I'm installing pyFirmata on the Pi to communicate with the StandardFirmata sketch on the Gertduino.

 

I had already installed the pySerial library a couple of blog posts ago in order to enable the program-to-program sample code that I tested. So I can skip that step now and go directly to installing pyFirmata.

 

But I do need to install git in order to git pyFirmata. Some folks (for example, the author of the MagPi article referenced previously) install pyFirmata by using mercurial to access the pyFirmata repository, rather than git, however I'm going to use git:

 

sudo apt-get install git

git clone https://github.com/tino/pyFirmata.git

cd pyFirmata

sudo python setup.py install


OK, that was easy enough.

 

I'd like to do a simple test to see if I can set something digital on the Gertduino board from a script running on the Pi. The Raspberry Pi Cookbook has such a test, which I will modify slightly to use the serial port /dev/ttyAMA0 rather than the USB serial port. I will also set several of the Gertduino LEDs on instead of only one.

 

First, though, I need to bring up the Arduino IDE and then upload StandardFirmata to the Gertduino:

 

firmatamenu.png

 

Now, I'll bring up the Python console and issue some interactive commands:

 

>writeleds.png

 

I now have all six of the Gertduino's blue LEDs brightly lit up.

 

This is fun. But using the Python console to send Firmata commands is also a bit tedious. So I'll write a Python script, similar to the example from the Raspberry Pi Cookbook, save the file as ledblink.py, and run it from the command line:

 

import pyfirmata
import time

board = pyfirmata.Arduino('/dev/ttyAMA0')
led_pin13 = board.get_pin('d:13:o')
led_pin9 = board.get_pin('d:9:o')
led_pin10 = board.get_pin('d:10:o')
led_pin3 = board.get_pin('d:3:o')
led_pin5 = board.get_pin('d:5:o')
led_pin6 = board.get_pin('d:6:o')

while True:
  led_pin13.write(1)
  led_pin10.write(1)
  led_pin5.write(1)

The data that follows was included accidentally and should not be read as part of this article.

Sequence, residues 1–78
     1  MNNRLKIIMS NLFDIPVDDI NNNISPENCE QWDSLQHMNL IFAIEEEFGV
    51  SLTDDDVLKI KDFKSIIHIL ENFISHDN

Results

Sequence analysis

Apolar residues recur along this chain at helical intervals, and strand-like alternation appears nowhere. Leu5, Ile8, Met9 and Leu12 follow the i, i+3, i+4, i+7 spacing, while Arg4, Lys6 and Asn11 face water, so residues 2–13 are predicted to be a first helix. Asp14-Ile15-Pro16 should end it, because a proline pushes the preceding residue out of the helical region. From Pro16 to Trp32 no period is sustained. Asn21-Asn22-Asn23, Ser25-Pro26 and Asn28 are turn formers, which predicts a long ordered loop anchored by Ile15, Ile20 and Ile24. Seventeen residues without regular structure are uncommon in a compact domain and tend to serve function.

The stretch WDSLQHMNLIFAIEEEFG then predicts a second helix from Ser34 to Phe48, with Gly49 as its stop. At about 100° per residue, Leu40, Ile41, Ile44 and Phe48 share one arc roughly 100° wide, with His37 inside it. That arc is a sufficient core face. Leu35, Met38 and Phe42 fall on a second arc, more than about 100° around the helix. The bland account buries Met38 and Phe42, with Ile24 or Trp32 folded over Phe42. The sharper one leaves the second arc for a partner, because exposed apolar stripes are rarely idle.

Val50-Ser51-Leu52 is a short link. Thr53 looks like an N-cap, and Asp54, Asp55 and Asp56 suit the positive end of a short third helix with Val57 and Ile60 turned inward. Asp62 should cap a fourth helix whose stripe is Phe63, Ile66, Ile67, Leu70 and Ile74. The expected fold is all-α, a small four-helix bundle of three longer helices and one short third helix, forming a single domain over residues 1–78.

led_pin9.write(0)
  led_pin3.write(0)
  led_pin6.write(0)
  time.sleep(0.5)

  led_pin13.write(0)
  led_pin10.write(0)
  led_pin5.write(0)
  led_pin9.write(1)
  led_pin3.write(1)
  led_pin6.write(1)
  time.sleep(0.5)

 

It's a fairly pedestrian program as Python scripts go, but it does the trick and alternates the blinking of the Gertduino's LEDs, three of them on and three of them off, and then vice-versa, every half second.

 

It took several seconds (perhaps eight or ten of them) for the script to load pyFirmata and start controlling the Gertduino over the serial port. If I had not been patient, I would have given up in despair. OK, in the interest of full disclosure, the first time that I tried it, I gave up after a few seconds of (apparently) nothing happening and hit Ctrl-C to terminate the script. Luckily, instead of smashing my fist through the monitor screen in disgust, or resolving to take up a safer hobby such as stamp collecting or sword swallowing, I gave it another try and waited it out.

 

Note that I needed to execute the script via sudo to get it to work (because it's accessing the GPIO port to use the serial Tx and Rx pins):

 

sudo python ledblink.py

 

Also note that I needed to call pyfirmata in lower case instead of pyFirmata in mixed case (because the module name is actually pyfirmata).

 

Here it is, blinking up a storm:


Remember, I have not loaded an alternating blink sketch onto the Gertduino, rather the Gertduino is running StandardFirmata and the Python script is sending digital write commands over the serial port in real time to control the state of each of the LEDs.

 

So it's definitely, positively, certifiably alive.

 

This is only the beginning, though - there's more to come (soon).